His segment begins at 14:01, but let's face it, you might as well watch the full episode:

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As we approach the August Bank Holiday weekend, and therefore the conclusion of this year's Edinburgh Festival Fringe, let's travel back in time to 31 years ago. It was a time when the festival had more of a reputation for weird and wonderful variety acts than a focus on stand-up comedy, when multi-channel television was in its infancy in this country, and when Norman Lovett still had hair.

These three states of affairs combined to form episode seven of Up Yer Festival, a daily show broadcasting live from the Fringe to an audience of tens on BSB, an early satellite service that was very briefly on air from March to November 1990, when it merged with fellow fledgling broadcaster Sky Television to form the more familiar BSkyB. Produced by Noel Gay Television, at the time the parent company of both Paul Jackson Productions and the newly formed Grant Naylor Productions, the show combined a sample of acts from the festival with specially shot sketches, all linked together by a guest host, including on one occasion, recent Edinburgh migrant Norman Lovett.

It's an obscure show on an obscure channel that aired on an obscure satellite service over thirty years ago, but thanks to the magic of the internet (and also to our good friend Jonsmad for pointing us towards it), the full series is available on YouTube, uploaded by the show's producer Richard Hearsey.

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Along with the Quarantine Commentaries, one of my favourite pieces of lockdown-based entertainment has been No More Jockeys, a joyous and frequently hilarious parlour game from the minds of comedian and novelist Mark Watson, comedian and poet Tim Key, and comedian and psychopath's assistant Alex Horne. I subsequently discovered that the game first appeared as a spin-off from a short-lived BBC Four panel show devised and hosted by the trio, We Need Answers. I further discovered that all sixteen episodes of the parent show are on YouTube, and that the second episode of the first series featured as a contestant none other than Robert Llewellyn.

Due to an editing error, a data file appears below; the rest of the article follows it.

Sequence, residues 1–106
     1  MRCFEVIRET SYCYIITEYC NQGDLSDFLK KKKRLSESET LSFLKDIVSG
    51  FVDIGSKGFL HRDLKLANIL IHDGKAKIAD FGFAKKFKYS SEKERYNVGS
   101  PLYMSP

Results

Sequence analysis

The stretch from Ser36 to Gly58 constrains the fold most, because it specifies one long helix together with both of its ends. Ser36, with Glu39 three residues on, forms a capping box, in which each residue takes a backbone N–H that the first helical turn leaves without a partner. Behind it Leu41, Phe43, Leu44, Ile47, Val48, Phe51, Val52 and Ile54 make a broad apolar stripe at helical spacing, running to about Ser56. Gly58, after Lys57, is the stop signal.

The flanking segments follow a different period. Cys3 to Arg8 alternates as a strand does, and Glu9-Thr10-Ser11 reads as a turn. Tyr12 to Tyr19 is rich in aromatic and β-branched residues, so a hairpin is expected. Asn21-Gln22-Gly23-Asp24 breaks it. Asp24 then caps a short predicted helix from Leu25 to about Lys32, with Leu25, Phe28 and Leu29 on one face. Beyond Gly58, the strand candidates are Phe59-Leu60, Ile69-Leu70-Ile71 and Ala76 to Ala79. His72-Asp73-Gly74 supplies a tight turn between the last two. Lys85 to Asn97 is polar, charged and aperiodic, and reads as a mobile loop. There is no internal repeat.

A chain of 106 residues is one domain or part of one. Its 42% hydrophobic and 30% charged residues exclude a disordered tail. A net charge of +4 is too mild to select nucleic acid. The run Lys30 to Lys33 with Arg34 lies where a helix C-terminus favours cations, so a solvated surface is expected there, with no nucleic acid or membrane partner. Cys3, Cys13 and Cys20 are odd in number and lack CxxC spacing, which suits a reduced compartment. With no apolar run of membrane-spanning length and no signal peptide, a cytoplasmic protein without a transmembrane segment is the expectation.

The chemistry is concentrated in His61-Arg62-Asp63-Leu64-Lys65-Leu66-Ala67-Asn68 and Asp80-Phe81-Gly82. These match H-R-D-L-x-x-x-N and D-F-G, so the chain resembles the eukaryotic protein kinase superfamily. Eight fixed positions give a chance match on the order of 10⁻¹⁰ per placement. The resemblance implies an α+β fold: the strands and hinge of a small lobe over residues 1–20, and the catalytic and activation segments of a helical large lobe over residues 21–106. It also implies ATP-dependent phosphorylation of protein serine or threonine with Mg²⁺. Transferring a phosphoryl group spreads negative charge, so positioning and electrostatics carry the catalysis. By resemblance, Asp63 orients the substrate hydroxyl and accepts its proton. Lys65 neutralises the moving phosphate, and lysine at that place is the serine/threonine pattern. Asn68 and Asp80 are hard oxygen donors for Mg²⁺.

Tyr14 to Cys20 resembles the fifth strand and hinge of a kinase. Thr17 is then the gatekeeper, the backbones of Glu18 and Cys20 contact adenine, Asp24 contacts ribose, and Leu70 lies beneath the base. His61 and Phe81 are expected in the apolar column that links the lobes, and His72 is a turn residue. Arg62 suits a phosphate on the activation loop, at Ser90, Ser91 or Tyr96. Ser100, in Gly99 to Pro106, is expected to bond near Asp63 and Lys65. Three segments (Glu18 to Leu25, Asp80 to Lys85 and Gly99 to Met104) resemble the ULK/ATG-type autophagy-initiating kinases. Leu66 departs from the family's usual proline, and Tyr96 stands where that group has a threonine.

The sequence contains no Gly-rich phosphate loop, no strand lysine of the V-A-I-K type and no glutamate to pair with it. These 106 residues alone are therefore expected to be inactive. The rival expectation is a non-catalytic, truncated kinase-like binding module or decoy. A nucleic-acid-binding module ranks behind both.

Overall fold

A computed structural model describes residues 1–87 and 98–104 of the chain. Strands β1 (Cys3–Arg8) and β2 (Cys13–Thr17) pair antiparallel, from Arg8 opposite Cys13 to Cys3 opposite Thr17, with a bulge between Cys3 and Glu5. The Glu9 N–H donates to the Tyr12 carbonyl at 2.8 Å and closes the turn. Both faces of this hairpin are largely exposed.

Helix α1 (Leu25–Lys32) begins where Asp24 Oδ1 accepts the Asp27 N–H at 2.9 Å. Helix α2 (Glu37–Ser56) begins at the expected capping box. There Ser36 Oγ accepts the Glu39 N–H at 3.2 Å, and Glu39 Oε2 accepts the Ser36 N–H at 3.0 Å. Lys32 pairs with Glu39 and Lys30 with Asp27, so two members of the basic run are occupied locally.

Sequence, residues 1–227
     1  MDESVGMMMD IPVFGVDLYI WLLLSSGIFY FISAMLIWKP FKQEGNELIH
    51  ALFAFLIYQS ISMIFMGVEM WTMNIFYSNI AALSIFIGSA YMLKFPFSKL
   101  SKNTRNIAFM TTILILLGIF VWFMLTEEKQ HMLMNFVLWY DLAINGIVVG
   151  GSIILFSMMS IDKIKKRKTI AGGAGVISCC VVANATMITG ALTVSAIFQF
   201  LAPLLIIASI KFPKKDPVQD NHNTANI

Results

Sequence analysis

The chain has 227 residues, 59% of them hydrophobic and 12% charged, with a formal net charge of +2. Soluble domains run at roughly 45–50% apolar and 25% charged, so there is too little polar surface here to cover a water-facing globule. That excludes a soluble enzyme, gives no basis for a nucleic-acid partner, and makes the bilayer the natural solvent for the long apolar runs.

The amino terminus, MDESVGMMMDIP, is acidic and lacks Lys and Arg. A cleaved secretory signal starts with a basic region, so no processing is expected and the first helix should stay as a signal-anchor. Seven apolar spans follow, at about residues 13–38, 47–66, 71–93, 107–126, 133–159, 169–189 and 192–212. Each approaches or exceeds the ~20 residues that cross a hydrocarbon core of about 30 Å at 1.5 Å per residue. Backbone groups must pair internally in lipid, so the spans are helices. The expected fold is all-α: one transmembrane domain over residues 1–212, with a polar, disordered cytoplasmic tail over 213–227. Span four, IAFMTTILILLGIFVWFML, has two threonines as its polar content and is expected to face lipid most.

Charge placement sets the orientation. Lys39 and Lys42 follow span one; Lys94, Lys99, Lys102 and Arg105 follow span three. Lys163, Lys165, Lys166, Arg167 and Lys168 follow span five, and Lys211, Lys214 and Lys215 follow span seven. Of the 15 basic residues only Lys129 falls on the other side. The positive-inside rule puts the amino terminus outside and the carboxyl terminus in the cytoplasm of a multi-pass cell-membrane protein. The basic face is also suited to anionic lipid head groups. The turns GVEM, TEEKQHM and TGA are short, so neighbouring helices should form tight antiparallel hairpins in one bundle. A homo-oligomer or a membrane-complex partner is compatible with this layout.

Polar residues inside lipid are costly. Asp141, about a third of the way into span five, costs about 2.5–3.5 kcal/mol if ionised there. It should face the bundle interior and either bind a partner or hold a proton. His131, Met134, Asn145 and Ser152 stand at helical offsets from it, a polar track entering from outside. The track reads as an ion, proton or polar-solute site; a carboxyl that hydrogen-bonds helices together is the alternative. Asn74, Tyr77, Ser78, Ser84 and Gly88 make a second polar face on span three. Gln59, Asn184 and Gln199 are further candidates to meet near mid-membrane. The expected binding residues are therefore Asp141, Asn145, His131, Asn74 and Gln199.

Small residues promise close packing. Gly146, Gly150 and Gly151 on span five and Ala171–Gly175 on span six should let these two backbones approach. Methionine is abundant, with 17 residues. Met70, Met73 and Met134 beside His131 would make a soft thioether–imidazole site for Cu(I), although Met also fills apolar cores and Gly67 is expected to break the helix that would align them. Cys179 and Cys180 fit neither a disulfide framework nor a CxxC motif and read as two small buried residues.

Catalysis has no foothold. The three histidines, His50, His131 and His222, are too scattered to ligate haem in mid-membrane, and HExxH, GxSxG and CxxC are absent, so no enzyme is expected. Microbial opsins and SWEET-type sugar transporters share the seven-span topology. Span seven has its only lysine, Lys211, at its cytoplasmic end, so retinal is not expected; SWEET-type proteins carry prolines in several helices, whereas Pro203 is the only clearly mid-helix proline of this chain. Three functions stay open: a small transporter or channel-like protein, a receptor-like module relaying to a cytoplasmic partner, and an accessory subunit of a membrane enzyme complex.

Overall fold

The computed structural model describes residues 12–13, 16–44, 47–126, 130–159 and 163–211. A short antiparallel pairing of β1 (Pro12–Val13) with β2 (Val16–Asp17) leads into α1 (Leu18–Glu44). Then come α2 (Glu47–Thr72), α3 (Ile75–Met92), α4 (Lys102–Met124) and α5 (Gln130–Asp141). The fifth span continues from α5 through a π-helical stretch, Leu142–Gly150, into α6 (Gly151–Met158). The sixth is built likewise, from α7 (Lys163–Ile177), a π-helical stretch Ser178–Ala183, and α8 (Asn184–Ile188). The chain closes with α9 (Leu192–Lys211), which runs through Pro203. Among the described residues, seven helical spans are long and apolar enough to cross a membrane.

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One of the many, many good things about Rob Grant, Paul Jackson and Ed Bye's regular Sunday afternoon quarantine commentaries is that their meandering conversations about comedy and their careers can sometimes dredge up intriguing lesser-known projects from the past. When Arthur Smith was a guest on the Backwards commentary, he mentioned one of his old Edinburgh shows, Arthur Smith Sings Andy Williams, which also featured fellow Backwards guest and perennial fifth Dwarfer Tony Hawks.

A truncated TV version was produced by Granada in 1993, which commenter Stilianidiadidatees suggested would make a good candidate for G&TV. Don't say we never give you anything. It's on YouTube, and it's pretty great.

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Prompted by a question from listener Si Bromley, our most recent edition of Waffle Men, as featured on the DwarfCast commentary for Samsara, included a discussion on the not-fondly-remembered Chris Barrie sitcom A Prince Among Men. Having grown tired of playing comedy prats like Arnold Rimmer and Gordon Brittas, Chris teamed up with The Brittas Empire producer and director Mike Stephens to bring us Gary Prince, a comedy prat who differed from his previous comedy prats by lacking any charm, depth or originality.

Gary was a retired footballer turned entrepreneur, and also a self-centered egotist, who spent his time annoying his German wife Lisel, belittling his loyal staff, insulting his closest friends and making terrible business decisions. The show ran for two series on BBC One, the first one and a half of which were shown in prime time during the week, before the last few episodes were quietly relegated to Sunday afternoons. It was not very good. See for yourself, here's the first episode: